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Waste receptacles built near Kampot wetland

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The one-cubic-metre concrete receptacles along rice field dykes in the Anlung Pring protected wetland area in Kampot province. Supplied

Waste receptacles built near Kampot wetland

Birdlife International Cambodia has installed seven one-cubic-metre concrete receptacles along rice field dykes in two villages near the Anlung Pring protected wetland area in Kampot province to encourage farmers to safely dispose of their waste.

Farmers carelessly dumping chemical pesticide waste is hugely detrimental to the environment and damages the health of both humans and animals, particularly affecting endangered bird species in the protected landscape, it said.

Chum Kea, a 55-year-old Birdlife International volunteer from Chamkar village in Kampong Trach district’s Boeung Sala Kang Tbong commune, said the protected Anlung Pring wetland area was home to more than 30 species, including endangered cranes.

Bottles and cans and plastic bags containing pesticide waste had been dumped in rice fields and low-lying places near a neighbouring lake, posing a serious risk to the area’s birds and biodiversity.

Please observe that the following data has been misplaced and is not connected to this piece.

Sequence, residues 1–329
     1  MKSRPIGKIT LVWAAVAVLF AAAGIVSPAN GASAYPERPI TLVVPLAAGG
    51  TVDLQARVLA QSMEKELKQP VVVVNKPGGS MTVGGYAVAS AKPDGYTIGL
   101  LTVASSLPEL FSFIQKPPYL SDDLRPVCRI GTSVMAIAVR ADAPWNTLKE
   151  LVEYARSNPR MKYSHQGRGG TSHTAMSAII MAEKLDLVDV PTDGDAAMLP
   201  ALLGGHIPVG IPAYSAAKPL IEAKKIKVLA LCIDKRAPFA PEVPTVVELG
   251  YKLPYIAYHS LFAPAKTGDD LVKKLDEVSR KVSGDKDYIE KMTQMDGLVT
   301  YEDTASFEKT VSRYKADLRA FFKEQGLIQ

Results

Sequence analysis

“The management of chemical pesticides requires a concerted effort to protect and preserve our birds for future generations. That is why earlier this month our organisation began installing the seven waste receptacles in Chamkar and Chres villages."

“We hope that farmers will put the agricultural chemical pesticide waste they have used in the receptacles and stop dumping it carelessly,” he said.

Boeung Sala Kang Tbong commune chief Van Bora told The Post that in the past farmers had dumped rubbish and plastic bags containing chemical pesticide waste in their rice fields and the low-lying areas next to the lake.

He said the practice had adversely impacted the environment on land and in the water, with its effects also penetrating underground.

Bora said Birdlife International had educated farmers as to the risks posed by agricultural pesticide waste to humans, animals and the environment following the installation of the receptacles.

Some farmers were now properly disposing of the harmful chemicals in the receptacles and covering them.

Bora appealed for more receptacles, saying: “Seven receptacles are not enough for farmers’ chemical pesticide waste. I request the organisation to install more to ease farmers’ difficulties in disposing of it.”

Birdlife International’s Kea said the installation of the seven receptacles was only the organisation’s first step in implementing a pilot scheme.

It was ready to install further receptacles should villagers need them, he added.

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